HISTORY in Madrasa Jamia Irfaniya*: It is class 8, a class of some 40 young men. They are sitting on benches and not on daris, only about four in the stereotypical caps, all looking smart and modern. And they are open. On my arrival, they get over their smiling and staring quickly and then ignore me and get on with their work.
School and the Society
FROM its inception in 1994 as a public charitable trust, ensuring that every child is in school and learning remains Pratham ’s main objective.The founders believed that to achieve universalization of primary education, a societal mission was needed – a movement in which citizens, government and others would come together to bring every child to school and help the child to learn well. A founding principle was also that any model or strategy that was developed should be replicable, and therefore low cost, so that every child could be reached.
OVER a period of twenty years, Rishi Valley Education Centre has created a multi-grade multi-level programme for elementary education known as ‘The School in a Box ’. The nomenclature is meant to reflect both the programme ’s compactness and its portability:like a medium sized suitcase it can be carried around by a single teacher. The Box, has in fact, been transported to many regions in India.
WE are tired of listening to or writing about the hoary perennials in education. True, there is a lot that is terribly wrong but there are also many interesting initiatives happening around the country for us to celebrate and learn from.
A curriculum is at best a statement of intent, which not only reflects the philosophy of its framers but their conception of society as well. In a way it conceptualizes their understanding of the present based on which a plan for the future is formulated. All of this may not be articulated in the curriculum though. Therefore, the renewed thrust in the last two decades on adult and elementary education, to be precise on developing literacy and numeracy skills, needs to be located in the context of socio-political and economic changes.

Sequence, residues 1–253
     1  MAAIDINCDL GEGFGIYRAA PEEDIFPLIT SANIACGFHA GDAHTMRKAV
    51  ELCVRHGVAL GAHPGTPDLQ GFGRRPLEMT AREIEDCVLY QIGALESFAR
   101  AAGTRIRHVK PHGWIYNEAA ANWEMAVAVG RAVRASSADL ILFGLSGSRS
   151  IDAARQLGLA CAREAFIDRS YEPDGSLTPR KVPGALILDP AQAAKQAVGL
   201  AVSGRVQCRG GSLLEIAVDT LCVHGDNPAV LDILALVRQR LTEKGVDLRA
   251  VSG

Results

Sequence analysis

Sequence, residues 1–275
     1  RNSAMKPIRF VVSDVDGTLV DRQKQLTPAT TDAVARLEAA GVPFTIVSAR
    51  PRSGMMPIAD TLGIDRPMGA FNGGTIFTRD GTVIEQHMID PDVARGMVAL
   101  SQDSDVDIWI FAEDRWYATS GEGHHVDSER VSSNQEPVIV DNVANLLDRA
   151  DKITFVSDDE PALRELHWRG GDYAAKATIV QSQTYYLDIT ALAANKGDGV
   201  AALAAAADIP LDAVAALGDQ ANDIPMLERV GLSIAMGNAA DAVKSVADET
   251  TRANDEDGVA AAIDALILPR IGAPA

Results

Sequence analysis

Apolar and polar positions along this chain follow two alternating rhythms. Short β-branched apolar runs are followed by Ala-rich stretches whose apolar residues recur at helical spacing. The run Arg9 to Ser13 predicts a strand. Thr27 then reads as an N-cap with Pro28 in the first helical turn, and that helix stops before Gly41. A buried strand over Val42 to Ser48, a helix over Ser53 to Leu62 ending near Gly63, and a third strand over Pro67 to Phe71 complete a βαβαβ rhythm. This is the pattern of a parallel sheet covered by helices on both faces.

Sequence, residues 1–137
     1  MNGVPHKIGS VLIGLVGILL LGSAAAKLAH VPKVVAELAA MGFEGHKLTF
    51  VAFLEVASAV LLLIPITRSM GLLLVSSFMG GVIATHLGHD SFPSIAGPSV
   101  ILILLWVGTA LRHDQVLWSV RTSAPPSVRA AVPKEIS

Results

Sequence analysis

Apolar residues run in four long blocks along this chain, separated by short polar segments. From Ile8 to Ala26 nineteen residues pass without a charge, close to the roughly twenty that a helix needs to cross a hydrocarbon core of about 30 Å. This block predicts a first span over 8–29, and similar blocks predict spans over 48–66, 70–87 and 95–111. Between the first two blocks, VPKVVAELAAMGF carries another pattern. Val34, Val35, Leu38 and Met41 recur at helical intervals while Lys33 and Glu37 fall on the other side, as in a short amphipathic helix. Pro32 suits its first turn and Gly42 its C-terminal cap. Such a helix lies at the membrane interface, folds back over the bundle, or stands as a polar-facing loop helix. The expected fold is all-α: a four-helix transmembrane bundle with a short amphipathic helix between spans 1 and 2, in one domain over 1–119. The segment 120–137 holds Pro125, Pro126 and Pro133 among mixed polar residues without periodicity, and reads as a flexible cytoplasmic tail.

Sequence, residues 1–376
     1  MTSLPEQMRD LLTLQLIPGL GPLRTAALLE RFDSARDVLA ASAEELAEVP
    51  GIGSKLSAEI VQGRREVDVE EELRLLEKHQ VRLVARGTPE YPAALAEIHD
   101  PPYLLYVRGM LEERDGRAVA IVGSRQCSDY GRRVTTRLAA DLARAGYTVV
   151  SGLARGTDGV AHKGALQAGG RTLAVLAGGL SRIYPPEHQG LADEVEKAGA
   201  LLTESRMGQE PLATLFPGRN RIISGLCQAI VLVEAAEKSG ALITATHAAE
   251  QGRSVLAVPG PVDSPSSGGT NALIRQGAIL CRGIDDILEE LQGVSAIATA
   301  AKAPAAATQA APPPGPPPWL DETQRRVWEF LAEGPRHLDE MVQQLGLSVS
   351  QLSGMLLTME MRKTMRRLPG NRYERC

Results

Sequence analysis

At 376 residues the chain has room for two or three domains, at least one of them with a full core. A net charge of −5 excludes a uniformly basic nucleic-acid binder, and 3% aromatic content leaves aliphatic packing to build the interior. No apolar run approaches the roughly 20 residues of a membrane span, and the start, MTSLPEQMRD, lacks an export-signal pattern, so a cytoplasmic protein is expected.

WHERE do children go after class eight was the question that haunted us while running the Hoshangabad Science Teaching Programme (HSTP) over thirty years (1972-2002) in rural government middle schools of Madhya Pradesh. Since the programme ran in a substantial number of schools – about 2000 – at the time (it was inexplicably withdrawn in 2002 by the Madhya Pradesh government) and the class eight test was a board examination, the issue was anything but minor.
SOCIETY has changed significantly, however, the changes in social institutions, more so in education, are much less significant. Though there is no shortage of education reforms, few of them seem to have responded to and matched the changes in the larger context. This essay attempts to discuss the changes in society and their implications for education.
FOR long years now we have lamented the crisis of our education system – its divorce from the larger society, its production of unemployable persons, its questionable orientation, its poor functioning, and the continued exclusion of the poor and the disadvantaged. Much of the narratives of the crises have become commonsensical although thorough research on each of the themes is awaited.
THE decade of the 1990s showered both unprecedented national and international attention and funding on universal elementary education (education for all). This period also witnessed a growing disillusionment about adult literacy programmes with policy-makers and administrators arguing that it was important to shut the tap before mopping the floor. Though some constituencies continued to emphasise the relevance of adult learning, the focus by and large shifted to elementary education.
An unlikely revolution is in the offing in the realm of Indian higher education. The contemporary design of increasing the number of colleges, universities and other institutes combined with the emphasis on an economically relevant education might just be able to wrench our system of education out of its present torpor. There is a catch, however. This is not the first time that efforts are being made to either enlarge the demographic canvass of education, or to make education economically relevant, practical and directly related to social concerns.